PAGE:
Crypto projects built on their own blockchain will have their own wallet apps, which can be considered safe to Hodl and transact. Like ADA on the Cardano Blockchain, ERC20 on the Ethereum Blockchain, and Hivecoin on the Markethive Blockchain. Another big plus for hodlers is that staking is also available via these apps.
4 – Not Keeping Backups For Wallets And Exchanges
How many times have you read news about some poor fellow losing his passwords to his wallet and can’t access their Bitcoin fortune?
It’s crucial to make regular backups of all your seed words on paper. You will also want to make sure that you have backups of exchange passwords and two-factor authentication seeds.
Are you aware that when activating your two-factor authentication, there is a backup code to reset your two-factor connection if you lose your phone? The only other way to reconnect to a new phone is a complicated and arduous verification process through the exchange.
So be sure to write down all the codes and phrases in the order they are given to you, and keep them hidden in a safe location. (Don't be like me and forget where you put them :D) Some have even opted to store them in a safe deposit box, especially those with large portfolios.
5 – Sending Funds To Wrong Address
Sending crypto to a crypto exchange on an unsupported blockchain is one of the most common mistakes. Too many newbies send funds to the wrong address as they do not check whether that particular crypto is listed on the exchange.
You always need to make sure that you are sending that crypto to the correctly supported chain. There are also distinct differences in the address of the various cryptocurrencies. Once the funds have been sent to the address, it cannot be recovered in most cases.
For example, Ethereum: prefix is 0x32Be3, and Bitcoin: begins with the number 1, 3, or bc1.
Cardano has three types of addresses – Icarus-style: Starts with Ae2, Daedalus-style: Starts with DdzFF, and the Shelly Era begins with addr1. Notably, Daedalus shows an error message if you input an address that is not valid (for instance, when using an address from a different network.)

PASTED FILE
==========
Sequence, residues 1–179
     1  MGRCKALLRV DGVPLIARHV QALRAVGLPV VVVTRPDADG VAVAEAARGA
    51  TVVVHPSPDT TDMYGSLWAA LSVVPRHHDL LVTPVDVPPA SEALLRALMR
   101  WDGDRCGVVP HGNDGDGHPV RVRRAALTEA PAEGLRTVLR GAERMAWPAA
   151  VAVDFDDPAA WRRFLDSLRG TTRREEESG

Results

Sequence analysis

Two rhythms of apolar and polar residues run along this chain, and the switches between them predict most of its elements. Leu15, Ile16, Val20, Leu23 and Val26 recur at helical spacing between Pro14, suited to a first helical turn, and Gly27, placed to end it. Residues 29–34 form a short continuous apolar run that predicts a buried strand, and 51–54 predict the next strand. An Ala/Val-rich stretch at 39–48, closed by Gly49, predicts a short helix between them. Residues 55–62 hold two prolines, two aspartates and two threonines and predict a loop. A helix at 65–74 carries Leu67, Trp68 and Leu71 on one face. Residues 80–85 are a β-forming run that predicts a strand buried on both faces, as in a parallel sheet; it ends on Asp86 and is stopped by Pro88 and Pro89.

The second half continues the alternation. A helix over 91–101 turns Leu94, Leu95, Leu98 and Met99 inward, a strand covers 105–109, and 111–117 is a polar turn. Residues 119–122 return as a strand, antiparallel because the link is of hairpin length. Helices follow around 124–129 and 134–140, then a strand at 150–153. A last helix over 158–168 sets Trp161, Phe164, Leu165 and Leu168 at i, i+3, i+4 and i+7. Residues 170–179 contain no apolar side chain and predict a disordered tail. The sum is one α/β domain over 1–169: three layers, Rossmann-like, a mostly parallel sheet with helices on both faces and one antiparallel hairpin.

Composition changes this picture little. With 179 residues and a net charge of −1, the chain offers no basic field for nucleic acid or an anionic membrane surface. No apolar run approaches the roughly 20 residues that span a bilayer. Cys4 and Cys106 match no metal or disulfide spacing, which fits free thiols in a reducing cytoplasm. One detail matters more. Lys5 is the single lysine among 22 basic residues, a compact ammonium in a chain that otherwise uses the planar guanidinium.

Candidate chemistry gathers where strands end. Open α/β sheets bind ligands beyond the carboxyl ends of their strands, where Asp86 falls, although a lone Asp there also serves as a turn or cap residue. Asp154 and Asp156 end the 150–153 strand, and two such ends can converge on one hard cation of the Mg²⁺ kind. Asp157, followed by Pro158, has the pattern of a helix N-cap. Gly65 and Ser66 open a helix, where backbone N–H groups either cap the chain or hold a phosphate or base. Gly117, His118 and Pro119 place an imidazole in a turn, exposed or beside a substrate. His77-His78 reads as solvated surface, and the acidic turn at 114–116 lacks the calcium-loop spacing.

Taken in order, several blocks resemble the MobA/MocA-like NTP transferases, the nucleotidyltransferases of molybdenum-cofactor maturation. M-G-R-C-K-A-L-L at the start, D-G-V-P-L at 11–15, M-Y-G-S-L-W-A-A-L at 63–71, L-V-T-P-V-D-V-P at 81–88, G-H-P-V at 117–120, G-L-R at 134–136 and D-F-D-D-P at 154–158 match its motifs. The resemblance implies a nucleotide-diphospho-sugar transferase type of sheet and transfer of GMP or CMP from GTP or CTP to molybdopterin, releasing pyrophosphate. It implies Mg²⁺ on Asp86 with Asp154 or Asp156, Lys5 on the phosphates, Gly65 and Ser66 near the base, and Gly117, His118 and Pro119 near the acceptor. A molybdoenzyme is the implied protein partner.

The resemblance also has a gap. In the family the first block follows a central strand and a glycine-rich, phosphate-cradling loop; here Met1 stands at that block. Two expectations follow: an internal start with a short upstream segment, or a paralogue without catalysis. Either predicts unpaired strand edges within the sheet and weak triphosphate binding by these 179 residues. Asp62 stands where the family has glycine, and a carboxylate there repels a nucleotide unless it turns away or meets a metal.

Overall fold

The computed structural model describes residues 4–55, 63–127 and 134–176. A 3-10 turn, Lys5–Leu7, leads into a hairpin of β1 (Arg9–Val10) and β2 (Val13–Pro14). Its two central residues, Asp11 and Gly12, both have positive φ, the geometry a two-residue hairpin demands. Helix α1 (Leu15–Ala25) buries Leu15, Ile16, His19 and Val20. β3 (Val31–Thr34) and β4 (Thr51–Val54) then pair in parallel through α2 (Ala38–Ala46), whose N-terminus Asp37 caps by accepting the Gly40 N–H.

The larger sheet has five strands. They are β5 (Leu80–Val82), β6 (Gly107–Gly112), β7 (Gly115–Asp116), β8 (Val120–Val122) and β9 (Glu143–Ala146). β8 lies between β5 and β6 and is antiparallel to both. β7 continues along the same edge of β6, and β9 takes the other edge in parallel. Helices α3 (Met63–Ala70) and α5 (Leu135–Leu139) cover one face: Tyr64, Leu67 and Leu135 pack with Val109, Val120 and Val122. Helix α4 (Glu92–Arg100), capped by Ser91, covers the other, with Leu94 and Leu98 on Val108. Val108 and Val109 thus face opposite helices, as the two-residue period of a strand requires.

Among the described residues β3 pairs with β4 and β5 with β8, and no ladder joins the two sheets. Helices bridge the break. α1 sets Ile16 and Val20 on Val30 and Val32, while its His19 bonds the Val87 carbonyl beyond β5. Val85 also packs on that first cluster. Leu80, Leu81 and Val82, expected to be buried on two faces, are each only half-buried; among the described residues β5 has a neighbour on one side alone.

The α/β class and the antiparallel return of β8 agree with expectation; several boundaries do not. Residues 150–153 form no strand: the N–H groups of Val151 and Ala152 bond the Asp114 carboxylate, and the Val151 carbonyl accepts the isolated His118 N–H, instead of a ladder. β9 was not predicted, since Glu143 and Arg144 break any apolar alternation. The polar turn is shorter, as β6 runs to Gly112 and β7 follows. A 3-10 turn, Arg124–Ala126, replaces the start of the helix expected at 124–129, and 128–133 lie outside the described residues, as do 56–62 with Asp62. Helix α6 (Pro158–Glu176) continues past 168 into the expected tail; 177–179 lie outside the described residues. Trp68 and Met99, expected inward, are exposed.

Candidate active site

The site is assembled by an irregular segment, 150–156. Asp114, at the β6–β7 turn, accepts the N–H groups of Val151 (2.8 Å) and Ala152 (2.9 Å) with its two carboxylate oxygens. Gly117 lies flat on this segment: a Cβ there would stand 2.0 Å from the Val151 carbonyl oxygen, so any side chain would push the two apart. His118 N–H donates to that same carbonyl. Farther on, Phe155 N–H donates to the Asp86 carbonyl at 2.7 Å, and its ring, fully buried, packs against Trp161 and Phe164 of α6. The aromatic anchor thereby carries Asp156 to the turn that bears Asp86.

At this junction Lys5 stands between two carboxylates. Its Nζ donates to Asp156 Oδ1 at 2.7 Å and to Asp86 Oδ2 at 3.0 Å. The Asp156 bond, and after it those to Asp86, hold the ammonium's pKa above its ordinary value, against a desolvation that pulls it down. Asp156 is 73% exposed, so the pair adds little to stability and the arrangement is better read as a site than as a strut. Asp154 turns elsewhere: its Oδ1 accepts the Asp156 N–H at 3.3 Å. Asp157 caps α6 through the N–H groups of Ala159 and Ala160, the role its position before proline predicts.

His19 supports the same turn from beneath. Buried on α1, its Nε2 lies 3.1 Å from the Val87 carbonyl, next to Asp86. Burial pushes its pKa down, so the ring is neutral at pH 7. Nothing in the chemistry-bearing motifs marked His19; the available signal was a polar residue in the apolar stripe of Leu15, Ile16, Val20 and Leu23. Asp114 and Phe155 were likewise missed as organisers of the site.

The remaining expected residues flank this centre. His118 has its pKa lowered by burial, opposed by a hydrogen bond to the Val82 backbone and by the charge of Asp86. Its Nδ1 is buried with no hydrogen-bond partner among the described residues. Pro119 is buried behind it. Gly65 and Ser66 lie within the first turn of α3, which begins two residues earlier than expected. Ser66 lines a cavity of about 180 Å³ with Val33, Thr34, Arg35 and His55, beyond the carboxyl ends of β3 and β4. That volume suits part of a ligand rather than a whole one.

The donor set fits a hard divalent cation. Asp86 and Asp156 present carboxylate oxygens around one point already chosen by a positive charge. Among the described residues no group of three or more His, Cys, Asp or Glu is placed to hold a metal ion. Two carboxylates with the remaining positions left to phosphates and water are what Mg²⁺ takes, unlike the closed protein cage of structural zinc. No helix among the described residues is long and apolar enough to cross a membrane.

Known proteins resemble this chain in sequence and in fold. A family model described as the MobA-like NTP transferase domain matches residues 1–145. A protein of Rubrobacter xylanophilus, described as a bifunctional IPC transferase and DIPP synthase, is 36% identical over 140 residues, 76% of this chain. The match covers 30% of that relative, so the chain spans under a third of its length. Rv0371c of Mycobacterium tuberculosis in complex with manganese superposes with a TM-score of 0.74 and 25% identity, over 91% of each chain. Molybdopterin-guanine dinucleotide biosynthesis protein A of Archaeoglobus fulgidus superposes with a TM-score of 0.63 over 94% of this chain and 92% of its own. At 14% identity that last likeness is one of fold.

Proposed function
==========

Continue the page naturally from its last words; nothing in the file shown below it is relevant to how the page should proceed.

It is advised to make a test transaction with a smaller amount to ensure that all is working correctly and that it is being picked up on the other end.
6 – Telling People or The Whole World
Don't tell people how much crypto you hold and that you are invested in crypto. Also, don’t disclose the name of your wallet or where you have your hard wallet stored. There have also been cases of people asking for help on forums revealing their worth.
Many brag about their good fortune showing screenshots of their wallet balances on social media. It’s surprising how much information can be gleaned from your social media profiles by potential scammers.
Not a good idea – No one needs to know how much you have or where you have it, and when you do this, you open yourself up to a robbery or worse. Have you ever heard of the $5 wrench attack? That’s just one and very real way they can get to you, up close and personal.
7 – Falling For a Scam
The most common mistake of them all is falling for a scam. We’ve all been there. But despite how far the crypto industry has evolved, there are still many scams infesting the crypto space. They range from Ponzi schemes to giveaways, pump and dumps to phishing attacks, and that’s another whole other article which I haven't written yet, or you can cut to the chase and watch this.
Some are blatant and can be spotted easily; others are more subtle and can be very convincing. Like everything else, scammers are evolving and adapting and have even conned people who think they have a handle on these scams and are immune to them.
All these scams follow are similar modus operandi. They all appeal to either greed or your fear and expect you to make a quick decision without thinking things through, and of course, there will always be newbies that are oblivious or walk around with rose-colored glasses that will be ripe for the picking.
That is why the next section on DOYR is so critical to your crypto journey.
8 – Not Doing Your Own Research (DYOR)